Production processes in milling centers typically use cooling liquids (in order to reduce friction, to cool tool as well as workpiece and to remove metal chips). This way cooling liquids assist to optimize the machining processes.
For the creation of production equipment Balluff uses several milling centers. Their used cooling liquid typically once a week is dumped into a central cooling liquid tank system. A central container system for these metalworking applications usually is more economical (for logistic reasons) than decentralized systems.
The Balluff tank system consists of three tanks: Both tank #1 and tank #2 (GRP glass reinforced plastic) store used cooling liquid for reprocessing / recycling.
Tank #3 (metal barrel) stores new cooling liquid to be provided to the milling centers during operation.
Within the last 2 years Balluff has installed an automated system to monitor the liquid levels in the tanks.
All tanks are equipped with Balluff magnetostrictive rod stye level sensors including float.
The rod length of Balluff magnetostrictive level sensors may be produced according to customer specific requirements. For special applications also float versions to measure interface between two liquids with different densities are available.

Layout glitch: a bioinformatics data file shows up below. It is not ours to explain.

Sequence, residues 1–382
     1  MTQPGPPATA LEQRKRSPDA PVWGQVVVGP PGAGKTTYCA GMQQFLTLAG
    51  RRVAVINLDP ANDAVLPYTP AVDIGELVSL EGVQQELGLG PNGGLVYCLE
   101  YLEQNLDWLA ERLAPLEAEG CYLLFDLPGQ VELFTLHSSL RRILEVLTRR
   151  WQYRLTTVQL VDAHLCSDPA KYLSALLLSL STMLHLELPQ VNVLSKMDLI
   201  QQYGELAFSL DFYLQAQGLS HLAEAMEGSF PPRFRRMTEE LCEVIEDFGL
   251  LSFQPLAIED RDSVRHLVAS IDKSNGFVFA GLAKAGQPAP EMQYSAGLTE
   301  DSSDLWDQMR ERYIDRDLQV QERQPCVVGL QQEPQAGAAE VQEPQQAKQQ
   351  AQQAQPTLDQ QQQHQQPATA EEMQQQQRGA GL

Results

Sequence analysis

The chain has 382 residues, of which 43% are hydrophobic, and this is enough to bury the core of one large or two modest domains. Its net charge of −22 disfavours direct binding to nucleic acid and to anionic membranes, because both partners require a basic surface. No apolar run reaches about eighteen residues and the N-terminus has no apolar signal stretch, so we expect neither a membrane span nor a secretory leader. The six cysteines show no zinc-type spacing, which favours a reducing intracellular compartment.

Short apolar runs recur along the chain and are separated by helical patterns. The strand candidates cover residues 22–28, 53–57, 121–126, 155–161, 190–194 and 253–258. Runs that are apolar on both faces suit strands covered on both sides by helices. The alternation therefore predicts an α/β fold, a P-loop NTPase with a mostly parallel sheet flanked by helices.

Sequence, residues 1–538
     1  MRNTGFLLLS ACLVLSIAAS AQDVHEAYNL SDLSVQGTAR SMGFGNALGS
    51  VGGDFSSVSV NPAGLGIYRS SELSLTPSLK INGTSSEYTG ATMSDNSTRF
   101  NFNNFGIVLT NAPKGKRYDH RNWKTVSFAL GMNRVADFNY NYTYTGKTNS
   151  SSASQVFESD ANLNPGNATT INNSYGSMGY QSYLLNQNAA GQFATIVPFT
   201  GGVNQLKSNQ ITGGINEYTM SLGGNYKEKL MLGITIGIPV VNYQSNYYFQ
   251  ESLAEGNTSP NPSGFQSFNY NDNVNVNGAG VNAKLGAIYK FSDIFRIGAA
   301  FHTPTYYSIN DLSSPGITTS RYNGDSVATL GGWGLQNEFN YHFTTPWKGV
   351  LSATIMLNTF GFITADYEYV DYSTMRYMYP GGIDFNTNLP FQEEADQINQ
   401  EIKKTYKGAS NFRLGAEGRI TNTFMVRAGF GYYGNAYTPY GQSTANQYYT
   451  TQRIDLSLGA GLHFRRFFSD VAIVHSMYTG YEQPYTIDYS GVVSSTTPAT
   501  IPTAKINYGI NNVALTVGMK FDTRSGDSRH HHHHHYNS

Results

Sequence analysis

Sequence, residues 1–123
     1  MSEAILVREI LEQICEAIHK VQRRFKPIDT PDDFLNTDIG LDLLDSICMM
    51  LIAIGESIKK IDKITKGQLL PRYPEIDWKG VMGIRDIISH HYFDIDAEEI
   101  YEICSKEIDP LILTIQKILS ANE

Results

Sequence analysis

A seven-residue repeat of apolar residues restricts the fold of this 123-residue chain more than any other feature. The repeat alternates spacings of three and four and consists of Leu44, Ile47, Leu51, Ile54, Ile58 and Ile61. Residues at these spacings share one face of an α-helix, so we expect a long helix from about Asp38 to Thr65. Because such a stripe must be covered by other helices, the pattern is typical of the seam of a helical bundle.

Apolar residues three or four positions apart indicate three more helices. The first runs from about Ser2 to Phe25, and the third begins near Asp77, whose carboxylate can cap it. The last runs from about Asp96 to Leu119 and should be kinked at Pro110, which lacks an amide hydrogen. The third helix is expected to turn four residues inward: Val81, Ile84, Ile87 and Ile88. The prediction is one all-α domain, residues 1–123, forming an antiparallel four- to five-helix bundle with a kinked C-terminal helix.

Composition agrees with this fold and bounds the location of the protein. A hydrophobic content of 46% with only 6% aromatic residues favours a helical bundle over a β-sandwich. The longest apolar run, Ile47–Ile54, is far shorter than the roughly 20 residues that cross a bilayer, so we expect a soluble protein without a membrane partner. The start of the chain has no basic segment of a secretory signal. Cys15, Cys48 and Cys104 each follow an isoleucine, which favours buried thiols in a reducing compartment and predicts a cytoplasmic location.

Data from OT to IT
Each of the three level sensors uses an IO-Link Interface to communicate with a fieldbus module.
The fieldbus module can also be accessed via Ethernet TCP/IP. This facilitates the creation of a dashboard
to easily monitor the liquid levels in the tanks.
Visualization and messaging system
Signal lights clearly monitor the liquid levels on the shopfloor.
An automated communication sequence informs the logistics partner to arrange the supply of the new and the recycling of the used cooling liquids.
Benefits of this solution:
- Real time monitoring of liquid levels for better transparency
- Risk minimization of spilling critical liquids to the environment
- Optimized logistic cycle time (which reduces logistic costs)
- Increased OEE of the milling centers (by avoiding standstill through lack of cooling liquid)
Source: Innovating Automation